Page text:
Kevin Kamenetz softens edges on Baltimore County campaign trail

Master of policy looks to bolster friendly side

  • Kevin Kamenetz, a candidate for Baltimore County executive, talks with Kandy McFarland of Perry Hall at the Perry Hall-White Marsh Town Fair.
Kevin Kamenetz, a candidate for Baltimore County executive,… (Kim Hairston, Baltimore…)
August 27, 2010|By Arthur Hirsch, The Baltimore Sun

Baltimore County executive candidate Kevin Kamenetz visited the Perry Hall- White Marsh Fair recently, being as amiable and neighborly as he could. You do these things in campaign season, especially when you're the sort of guy who might need to work on that part of your persona.

So Kamenetz made some friendly chitchat with folks on a bright Saturday afternoon about schools and traffic and flashed a gap-toothed smile, crouching to hand a few kids a purple campaign balloon and a necklace. It's what any candidate would do, but with Kamenetz, it seems part of a bigger project, an evolution.

By all accounts the 52-year-old lawyer from Owings Mills overachieves in his command of policy, but over the years has received guidance to work on his patience, humility and listening.

In the heat of a race, Kamenetz won't exactly acknowledge a need for improvement. He'll go this far: "I demand a lot of myself. I want others to have the same level of competence."

He allows also that his marriage to the former Jill Hoffberger 10 years ago, and the birth of two sons, ages 9 and 6, have changed things. It's not exactly "mellowing," he says. He calls it "a broadening of perspective. ... Having a wife and children is God's Ritalin. It evens you out."

In the 16th year of his political career, four-term County Councilman Kamenetz is in a tough contest for the Democratic nomination. His principal opponent, fellow Councilman Joseph Bartenfelder, might have less money, less TV ad time, and by many accounts less command of policy details, but his genial personality has won him many friends in the 28 years he's been in politics.

Bartenfelder, a farmer from Fullerton, gets about three sentences out in the time it takes Kamenetz to speak a chapter about his ideas for better schools, budget management, safe neighborhoods and economic development. Bartenfelder is running hard, too, all the while maintaining an affable, easygoing persona.

Few would call Kamenetz easygoing. His friends say he's smart and hardworking, thoughtful, caring and decisive. Those who don't like him as much don't challenge that, but say he can be arrogant, taking credit for things the whole council does and making sure you know what he knows, and that he knows more than you.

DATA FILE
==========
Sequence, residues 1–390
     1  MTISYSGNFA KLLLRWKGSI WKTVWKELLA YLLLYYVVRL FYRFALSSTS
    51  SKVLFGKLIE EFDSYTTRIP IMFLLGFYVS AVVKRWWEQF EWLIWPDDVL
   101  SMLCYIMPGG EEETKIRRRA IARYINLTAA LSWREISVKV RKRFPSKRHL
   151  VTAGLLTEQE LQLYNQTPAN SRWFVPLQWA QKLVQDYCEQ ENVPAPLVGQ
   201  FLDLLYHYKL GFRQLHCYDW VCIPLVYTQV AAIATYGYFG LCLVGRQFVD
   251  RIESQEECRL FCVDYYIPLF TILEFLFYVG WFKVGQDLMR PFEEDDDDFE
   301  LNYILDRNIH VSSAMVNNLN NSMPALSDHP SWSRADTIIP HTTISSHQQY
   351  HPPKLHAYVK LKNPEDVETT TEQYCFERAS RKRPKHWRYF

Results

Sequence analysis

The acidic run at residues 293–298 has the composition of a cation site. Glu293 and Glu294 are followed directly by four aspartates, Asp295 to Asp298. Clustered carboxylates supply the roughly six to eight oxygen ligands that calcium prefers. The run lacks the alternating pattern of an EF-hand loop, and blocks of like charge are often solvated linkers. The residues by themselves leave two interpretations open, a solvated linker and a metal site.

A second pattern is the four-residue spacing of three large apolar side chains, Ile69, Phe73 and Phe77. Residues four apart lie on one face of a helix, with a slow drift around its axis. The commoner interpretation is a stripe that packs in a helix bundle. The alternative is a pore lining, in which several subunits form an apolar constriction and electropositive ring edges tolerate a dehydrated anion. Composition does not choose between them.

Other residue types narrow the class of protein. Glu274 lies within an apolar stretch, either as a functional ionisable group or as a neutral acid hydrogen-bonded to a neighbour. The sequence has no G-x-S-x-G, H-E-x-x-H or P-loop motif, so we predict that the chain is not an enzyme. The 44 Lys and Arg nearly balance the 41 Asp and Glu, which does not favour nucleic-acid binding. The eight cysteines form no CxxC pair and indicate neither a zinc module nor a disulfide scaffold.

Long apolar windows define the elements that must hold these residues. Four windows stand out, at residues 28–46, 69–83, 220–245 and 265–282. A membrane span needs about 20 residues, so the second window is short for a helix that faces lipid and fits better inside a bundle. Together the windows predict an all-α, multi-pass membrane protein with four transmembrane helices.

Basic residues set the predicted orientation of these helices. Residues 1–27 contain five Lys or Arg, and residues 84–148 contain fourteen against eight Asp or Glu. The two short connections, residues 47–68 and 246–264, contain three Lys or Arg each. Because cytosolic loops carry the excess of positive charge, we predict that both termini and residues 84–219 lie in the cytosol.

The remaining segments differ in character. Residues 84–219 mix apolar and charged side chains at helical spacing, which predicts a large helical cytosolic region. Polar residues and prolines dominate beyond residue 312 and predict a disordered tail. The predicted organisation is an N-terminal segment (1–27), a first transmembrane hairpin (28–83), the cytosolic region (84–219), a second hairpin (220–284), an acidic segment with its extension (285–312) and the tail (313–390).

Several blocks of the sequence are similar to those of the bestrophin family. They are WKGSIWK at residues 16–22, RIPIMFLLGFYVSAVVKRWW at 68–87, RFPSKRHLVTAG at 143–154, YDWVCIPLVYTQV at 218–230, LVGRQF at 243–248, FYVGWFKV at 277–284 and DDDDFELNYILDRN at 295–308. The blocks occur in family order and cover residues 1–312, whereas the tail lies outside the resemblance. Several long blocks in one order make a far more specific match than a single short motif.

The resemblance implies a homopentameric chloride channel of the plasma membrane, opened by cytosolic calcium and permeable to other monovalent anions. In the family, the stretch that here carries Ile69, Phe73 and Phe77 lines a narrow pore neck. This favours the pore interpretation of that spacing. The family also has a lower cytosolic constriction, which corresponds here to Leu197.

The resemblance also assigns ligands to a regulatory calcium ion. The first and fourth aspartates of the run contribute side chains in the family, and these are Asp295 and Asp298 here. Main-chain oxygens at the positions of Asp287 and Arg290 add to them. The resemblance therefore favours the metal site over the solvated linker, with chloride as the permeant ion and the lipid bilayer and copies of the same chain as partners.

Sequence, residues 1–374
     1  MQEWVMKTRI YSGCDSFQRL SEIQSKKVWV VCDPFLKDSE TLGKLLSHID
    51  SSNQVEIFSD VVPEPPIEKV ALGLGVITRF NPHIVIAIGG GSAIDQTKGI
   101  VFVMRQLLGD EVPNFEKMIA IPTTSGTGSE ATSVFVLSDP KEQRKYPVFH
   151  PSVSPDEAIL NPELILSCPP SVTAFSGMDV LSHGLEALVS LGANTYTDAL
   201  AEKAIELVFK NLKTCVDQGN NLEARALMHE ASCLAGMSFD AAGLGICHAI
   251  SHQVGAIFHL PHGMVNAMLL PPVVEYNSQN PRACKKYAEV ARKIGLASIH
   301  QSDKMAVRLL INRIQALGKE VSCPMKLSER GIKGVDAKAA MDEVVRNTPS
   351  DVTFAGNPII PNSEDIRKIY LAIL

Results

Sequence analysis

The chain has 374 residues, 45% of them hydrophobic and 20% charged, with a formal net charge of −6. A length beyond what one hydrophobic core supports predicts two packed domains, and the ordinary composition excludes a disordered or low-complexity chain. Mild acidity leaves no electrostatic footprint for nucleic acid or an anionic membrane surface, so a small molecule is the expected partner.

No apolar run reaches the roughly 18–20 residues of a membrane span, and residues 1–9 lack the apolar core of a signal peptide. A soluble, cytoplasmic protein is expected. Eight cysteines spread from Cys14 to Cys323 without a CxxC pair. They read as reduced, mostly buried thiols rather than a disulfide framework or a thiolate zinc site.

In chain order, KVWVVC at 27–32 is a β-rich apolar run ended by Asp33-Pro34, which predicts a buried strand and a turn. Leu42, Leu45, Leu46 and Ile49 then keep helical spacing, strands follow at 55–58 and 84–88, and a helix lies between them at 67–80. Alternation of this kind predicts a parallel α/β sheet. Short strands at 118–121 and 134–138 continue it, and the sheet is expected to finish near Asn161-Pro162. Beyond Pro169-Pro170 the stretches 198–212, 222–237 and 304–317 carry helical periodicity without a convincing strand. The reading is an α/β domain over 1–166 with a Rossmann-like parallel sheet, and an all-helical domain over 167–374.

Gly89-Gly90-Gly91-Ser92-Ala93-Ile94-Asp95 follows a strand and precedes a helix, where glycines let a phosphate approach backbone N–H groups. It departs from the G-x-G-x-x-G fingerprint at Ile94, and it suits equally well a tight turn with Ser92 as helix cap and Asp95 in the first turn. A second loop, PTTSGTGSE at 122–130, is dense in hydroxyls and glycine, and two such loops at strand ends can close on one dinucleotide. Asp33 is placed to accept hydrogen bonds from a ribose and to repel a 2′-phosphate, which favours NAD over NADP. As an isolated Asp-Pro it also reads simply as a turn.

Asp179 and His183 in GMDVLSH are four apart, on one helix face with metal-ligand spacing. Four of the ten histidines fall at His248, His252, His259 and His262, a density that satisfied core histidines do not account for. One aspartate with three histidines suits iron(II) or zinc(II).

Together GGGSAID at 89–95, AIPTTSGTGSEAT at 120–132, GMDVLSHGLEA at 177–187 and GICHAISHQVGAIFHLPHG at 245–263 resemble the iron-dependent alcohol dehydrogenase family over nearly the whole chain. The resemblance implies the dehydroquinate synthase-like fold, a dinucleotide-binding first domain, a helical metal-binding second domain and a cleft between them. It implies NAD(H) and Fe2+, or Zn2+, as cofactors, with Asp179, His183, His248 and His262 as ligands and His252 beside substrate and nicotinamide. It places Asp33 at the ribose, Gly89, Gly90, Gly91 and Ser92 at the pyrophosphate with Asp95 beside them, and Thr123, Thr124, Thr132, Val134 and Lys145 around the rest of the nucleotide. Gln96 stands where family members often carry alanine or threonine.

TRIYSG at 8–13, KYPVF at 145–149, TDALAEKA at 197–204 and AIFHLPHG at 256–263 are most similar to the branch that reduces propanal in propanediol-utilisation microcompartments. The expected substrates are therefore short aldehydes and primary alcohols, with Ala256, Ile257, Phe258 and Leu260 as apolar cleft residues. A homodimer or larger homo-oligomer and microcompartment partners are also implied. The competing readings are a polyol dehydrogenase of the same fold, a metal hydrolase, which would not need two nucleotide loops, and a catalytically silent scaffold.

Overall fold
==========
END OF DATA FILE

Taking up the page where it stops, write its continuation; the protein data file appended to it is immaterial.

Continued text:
One of his supporters, fellow County Council member John Olszewski Sr., has been introducing Kamenetz, the west-sider, around his territory on the east side, getting him talking with working-class people. He figures Kamenetz is the best man for the job of running the $2.56 billion operation that is Baltimore County government.

Olszewski, a big man with a brush mustache, sits in a booth at the Boulevard Diner in Dundalk and says that Kamenetz is "evolving."

At council work sessions, Olszewski said, listening to Kamenetz question people who were there with business before the county, hearing him phrase and rephrase a question until he got a clear answer, "I felt I was in a court of law."

On the one hand, that's a good thing, Olszewski said, because you need confidence to ask hard questions, "you need someone who's going to be tough and aggressive at times, when people aren't giving you the right answers." On the other hand, he said, he has offered Kamenetz some advice about the line between confident and cocky: "You're the smartest person on this council, but sometimes you come over the wrong way."

Eight years ago, the last time the seat was open, Kamenetz thought about a run for executive. But his first son had just been born, and he figured the time wasn't right. James T. Smith Jr., a Democrat, was elected and served two terms. With the departure of the term-limited Smith rolling around, Kamenetz figured the time is now.

That decision to delay gave him eight more years to build on his reputation as the council's most industrious student on issues. He's one of the most prolific in introducing legislation, filing bills that affect not only his own district, but the whole county.

It seems he's been gearing up for some role as a community fixer for much of his life.

Kamenetz grew up in Lochearn, just outside the Baltimore City line, on a street of brick homes where his eldest brother, Rodger Kamenetz, says he was "like the mayor of the neighborhood. … He was in and out of everybody's house. He knew everybody."

Rodger remembers his brother holding backyard "fairs" to raise money for muscular dystrophy and other causes, riding through the neighborhood on his bicycle getting out the word, trying to drum up a crowd. As a kid, he says, his brother was handing out fliers as a boy for a guy running for County Council.

"He's the one who wants to do something," says Rodger, a writer and retired professor of philosophy and English who lives in New Orleans. "That's probably him in a nutshell. ... He has a lot of identification with his neighborhood. He kind of viewed it as an extension of his family. ... He has a huge identification with Baltimore County."

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